Several years of efforts by multiple agencies to reduce the number of veterans who are homeless in Hennepin County have paid off.
Results from a 2012 report on homelessness in Hennepin County show the number of homeless veterans has decreased by nearly 53 percent from 2009, said Matthew Ayres, a project manager with the Minneapolis/Hennepin County Office to End Homelessness.
In 2009, there were 267 veterans in shelters or living on the streets, Ayres said. In 2012, he said, the number reduced to 126.
Between 2011 and 2012 alone Ayres said the reduction in the number of homeless veterans was about 29 percent compared to the national average of about 7 percent.
“The reason we’ve seen the dramatic reduction compared to the other groups is (the) federal government has made a committment to end veterans homelessness in five years,” Ayres said.
Resources from the federal level include vouchers to help veterans pay rent from the U.S. Department of Housing and Urban Development and assistance from the U.S. Veterans Administration.
The federal agencies have also worked to ensure veterans they help find housing have access to other services they need.
“The VA and HUD have created the wraparound support to keep people stable,” Ayres said.
Hennepin County has its own plan to end homelessness by 2016 in partnership with the city of Minneapolis. The efforts started in 2006.
Hennepin County District 3 Commissioner Gail Dorfman said the county board and staff started to notice that homeless single adults and veterans were frequently “cycling through” the jail, the emergency room and homeless shelters. The cycle was a cost to the county and showed how the people who were homeless needed help, she siad. Many, especially the veterans, had been homeless for up to a decade, Dorfman said.
“We knew we needed to break the cycle. It was going to be good for taxpayers and good for these individuals to get stable housing and the resources,” she said. “The goal was to focus our attention and resources on veterans and single people.”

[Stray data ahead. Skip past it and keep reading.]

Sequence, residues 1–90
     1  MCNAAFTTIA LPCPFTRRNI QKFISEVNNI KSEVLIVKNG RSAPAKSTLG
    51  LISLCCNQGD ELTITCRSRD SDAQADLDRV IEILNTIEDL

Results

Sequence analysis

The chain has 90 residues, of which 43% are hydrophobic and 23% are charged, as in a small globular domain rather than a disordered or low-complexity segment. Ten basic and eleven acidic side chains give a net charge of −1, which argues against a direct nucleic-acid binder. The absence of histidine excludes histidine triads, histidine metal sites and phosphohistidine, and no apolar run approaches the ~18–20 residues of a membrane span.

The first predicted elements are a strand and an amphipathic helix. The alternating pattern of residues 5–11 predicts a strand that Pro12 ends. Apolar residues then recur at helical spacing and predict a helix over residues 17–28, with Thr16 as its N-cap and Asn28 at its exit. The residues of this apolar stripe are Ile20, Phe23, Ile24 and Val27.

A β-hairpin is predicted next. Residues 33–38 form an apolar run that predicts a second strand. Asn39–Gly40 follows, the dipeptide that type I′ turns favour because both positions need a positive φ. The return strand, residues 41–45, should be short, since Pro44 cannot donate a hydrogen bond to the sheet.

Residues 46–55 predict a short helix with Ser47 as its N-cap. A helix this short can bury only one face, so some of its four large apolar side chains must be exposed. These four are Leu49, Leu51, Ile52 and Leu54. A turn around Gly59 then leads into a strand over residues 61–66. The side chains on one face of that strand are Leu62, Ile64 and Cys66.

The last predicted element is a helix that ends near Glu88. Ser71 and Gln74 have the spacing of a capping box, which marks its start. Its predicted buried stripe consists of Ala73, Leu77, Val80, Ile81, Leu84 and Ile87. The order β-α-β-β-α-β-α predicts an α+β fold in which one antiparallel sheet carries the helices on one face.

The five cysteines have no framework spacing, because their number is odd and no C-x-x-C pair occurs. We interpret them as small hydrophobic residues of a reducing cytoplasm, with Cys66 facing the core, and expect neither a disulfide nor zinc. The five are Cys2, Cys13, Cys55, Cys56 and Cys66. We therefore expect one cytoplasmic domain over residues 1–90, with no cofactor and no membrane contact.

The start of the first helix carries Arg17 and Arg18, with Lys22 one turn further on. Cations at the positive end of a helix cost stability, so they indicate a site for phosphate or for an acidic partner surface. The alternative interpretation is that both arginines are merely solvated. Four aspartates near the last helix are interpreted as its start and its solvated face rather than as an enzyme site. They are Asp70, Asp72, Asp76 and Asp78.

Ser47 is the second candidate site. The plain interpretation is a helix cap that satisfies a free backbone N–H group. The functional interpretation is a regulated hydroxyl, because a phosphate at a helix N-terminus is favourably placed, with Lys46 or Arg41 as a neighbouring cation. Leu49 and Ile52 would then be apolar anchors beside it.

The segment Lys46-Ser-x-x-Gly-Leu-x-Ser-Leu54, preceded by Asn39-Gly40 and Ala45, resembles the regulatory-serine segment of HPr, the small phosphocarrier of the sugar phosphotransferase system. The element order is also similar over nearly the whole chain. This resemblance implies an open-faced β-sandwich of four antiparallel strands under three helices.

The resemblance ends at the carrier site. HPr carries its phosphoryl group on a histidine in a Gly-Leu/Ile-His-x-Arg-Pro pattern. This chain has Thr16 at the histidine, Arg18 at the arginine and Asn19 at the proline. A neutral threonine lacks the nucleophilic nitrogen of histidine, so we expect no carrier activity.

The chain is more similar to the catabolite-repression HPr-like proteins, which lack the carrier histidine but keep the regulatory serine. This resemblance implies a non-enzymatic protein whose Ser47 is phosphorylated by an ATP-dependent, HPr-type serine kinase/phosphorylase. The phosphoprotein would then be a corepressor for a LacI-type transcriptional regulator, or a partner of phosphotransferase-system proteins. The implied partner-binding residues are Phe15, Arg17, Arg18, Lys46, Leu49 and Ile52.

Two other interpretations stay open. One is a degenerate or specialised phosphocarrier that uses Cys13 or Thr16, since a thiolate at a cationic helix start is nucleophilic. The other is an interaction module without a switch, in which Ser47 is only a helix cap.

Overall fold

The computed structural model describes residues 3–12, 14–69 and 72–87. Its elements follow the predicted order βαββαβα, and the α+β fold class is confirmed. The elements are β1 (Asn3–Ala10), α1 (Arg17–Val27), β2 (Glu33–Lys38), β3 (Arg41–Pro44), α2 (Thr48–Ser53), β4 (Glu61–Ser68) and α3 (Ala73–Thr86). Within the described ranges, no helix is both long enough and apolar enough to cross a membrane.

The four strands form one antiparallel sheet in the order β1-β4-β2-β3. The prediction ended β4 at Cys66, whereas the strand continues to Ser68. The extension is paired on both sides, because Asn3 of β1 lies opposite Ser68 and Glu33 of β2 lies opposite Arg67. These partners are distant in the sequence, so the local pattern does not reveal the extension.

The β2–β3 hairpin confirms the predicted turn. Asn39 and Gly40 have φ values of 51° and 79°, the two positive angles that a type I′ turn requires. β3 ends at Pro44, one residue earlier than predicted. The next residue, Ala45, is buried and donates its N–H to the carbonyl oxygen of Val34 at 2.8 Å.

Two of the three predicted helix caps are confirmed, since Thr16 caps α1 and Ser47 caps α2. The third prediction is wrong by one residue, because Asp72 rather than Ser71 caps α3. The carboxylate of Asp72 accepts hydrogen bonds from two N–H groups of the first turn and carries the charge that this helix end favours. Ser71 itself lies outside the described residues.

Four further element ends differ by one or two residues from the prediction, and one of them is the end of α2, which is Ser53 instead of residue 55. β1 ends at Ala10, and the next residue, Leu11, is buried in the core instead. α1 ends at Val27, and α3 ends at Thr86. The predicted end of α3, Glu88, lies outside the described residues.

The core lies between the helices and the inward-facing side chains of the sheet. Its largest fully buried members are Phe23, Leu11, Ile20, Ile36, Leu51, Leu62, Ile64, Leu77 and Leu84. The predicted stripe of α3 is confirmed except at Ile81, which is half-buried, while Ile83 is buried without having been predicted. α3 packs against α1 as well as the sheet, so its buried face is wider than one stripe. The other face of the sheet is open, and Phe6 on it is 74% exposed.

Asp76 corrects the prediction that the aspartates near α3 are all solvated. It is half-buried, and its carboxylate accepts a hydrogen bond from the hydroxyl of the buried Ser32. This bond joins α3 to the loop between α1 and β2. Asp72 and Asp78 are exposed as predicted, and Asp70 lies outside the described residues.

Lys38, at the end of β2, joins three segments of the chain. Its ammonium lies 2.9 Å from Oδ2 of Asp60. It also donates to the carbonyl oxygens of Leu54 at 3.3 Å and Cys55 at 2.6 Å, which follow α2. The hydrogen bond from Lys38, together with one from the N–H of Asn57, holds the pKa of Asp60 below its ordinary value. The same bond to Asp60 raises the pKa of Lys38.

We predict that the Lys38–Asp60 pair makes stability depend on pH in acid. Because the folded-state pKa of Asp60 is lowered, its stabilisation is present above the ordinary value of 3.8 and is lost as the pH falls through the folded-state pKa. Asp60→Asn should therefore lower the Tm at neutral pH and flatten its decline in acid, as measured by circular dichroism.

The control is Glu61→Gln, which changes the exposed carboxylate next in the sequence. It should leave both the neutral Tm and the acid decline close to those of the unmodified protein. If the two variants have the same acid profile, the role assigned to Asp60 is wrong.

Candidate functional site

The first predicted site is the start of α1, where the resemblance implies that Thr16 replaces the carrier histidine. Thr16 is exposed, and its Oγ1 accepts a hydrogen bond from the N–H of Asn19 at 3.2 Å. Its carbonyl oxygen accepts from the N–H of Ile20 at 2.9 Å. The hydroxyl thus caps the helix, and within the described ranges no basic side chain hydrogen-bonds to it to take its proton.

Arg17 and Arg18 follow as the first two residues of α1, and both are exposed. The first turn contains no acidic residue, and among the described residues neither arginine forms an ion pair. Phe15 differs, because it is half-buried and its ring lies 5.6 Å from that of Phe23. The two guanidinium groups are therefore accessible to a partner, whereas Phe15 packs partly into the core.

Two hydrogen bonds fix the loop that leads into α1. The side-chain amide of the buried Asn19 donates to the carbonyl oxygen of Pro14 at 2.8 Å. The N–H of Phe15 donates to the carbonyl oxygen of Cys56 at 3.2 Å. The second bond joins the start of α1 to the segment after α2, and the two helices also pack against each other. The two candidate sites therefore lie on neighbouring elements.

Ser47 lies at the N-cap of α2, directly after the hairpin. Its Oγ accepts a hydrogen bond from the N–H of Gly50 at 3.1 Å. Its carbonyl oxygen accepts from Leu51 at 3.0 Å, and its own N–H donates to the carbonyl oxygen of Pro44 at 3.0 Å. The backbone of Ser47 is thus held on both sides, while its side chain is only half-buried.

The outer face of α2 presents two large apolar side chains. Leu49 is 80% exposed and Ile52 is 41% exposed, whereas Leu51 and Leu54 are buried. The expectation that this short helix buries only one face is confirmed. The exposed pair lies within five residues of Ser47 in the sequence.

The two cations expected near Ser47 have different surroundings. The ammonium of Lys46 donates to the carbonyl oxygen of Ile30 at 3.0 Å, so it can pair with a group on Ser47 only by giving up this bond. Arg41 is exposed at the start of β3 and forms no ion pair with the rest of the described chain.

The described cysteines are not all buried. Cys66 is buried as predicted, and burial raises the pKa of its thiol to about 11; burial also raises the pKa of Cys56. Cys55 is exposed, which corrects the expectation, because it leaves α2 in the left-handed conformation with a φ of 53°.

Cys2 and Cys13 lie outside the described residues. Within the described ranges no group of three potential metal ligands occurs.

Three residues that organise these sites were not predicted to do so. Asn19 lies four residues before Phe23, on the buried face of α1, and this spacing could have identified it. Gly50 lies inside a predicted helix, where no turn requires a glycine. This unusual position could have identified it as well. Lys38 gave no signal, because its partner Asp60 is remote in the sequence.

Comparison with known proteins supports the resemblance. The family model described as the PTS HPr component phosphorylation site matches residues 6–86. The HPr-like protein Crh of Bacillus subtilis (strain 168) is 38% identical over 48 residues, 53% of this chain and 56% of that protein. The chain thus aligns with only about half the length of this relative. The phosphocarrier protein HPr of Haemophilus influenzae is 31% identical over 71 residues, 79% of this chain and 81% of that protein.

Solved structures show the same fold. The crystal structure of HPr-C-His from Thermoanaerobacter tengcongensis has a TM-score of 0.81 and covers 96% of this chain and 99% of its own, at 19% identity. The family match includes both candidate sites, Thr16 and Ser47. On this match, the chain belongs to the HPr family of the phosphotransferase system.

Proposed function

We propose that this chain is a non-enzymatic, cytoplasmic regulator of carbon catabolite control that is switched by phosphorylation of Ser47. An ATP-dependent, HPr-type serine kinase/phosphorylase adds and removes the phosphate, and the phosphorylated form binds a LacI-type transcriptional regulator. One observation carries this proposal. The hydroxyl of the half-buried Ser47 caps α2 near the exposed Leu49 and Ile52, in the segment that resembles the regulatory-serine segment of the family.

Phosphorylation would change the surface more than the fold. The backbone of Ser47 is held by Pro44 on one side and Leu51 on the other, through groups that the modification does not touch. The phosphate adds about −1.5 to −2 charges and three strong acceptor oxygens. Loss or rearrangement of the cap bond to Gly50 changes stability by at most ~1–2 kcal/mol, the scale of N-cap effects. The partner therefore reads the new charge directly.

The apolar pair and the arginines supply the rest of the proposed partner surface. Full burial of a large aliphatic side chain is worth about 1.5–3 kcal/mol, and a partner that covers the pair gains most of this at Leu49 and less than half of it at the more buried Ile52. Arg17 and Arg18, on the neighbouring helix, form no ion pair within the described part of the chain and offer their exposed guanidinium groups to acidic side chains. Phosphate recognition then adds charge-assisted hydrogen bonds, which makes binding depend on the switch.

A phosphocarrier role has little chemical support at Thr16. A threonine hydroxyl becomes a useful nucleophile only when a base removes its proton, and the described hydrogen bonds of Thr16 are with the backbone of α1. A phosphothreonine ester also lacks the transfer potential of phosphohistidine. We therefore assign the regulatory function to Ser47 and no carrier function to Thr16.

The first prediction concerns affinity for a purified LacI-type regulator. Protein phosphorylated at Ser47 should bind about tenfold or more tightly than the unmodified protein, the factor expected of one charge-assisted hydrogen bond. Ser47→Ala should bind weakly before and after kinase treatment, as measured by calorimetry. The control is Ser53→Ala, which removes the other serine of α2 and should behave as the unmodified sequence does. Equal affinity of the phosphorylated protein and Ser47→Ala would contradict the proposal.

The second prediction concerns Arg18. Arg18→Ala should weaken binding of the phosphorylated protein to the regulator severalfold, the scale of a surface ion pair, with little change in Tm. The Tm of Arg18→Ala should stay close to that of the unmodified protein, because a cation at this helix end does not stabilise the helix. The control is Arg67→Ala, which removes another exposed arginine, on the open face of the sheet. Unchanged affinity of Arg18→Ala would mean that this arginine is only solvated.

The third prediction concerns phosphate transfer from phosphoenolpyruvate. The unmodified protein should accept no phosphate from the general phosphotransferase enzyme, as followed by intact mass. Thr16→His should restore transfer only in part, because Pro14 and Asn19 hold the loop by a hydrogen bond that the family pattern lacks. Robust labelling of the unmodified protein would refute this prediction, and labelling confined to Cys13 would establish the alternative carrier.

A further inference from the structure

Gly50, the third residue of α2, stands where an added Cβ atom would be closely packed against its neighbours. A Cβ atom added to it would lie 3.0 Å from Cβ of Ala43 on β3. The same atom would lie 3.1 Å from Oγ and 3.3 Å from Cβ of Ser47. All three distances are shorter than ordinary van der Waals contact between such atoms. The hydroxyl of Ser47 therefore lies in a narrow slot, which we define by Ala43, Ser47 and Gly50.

New housing was built for veterans and others had help finding market-rate housing to live in, Dorfman said.
Hennepin County also focuses on preventing homelessness.
There is $1 million in federal funding issued to the state of Minnesota to help pay for meeting the needs of veterans so they can stay in their homes, Ayres said. The funding helps veterans with anything from paying their heat bill to emergency car repairs so they can continue to drive to work and earn money, he said. “It really helps make sure people don’t become homeless.”
Ayres said the federal funding is available for renewal to continue to help with the prevention efforts.
Bringing services closer to the people who need them is another effort of the county. The Century Plaza service center in downtown Minneapolis is closing and similar centers throughout the county will open. The Northwest Family Service Center is open in Brooklyn Center and others will be in Plymouth and Bloomington, Dorfman said.
One of the next steps is also helping homeless families.
“While we were focusing our attentions on homeless veterans and single adults, the number of homeless families went up,” Dorfman said.
However, it can be difficult to find housing with enough room for families.
“Every one of our strategies needs to be coupled with finding more affordable housing in our community,” Ayres said.
Contact Katy Zillmer at firstname.lastname@example.org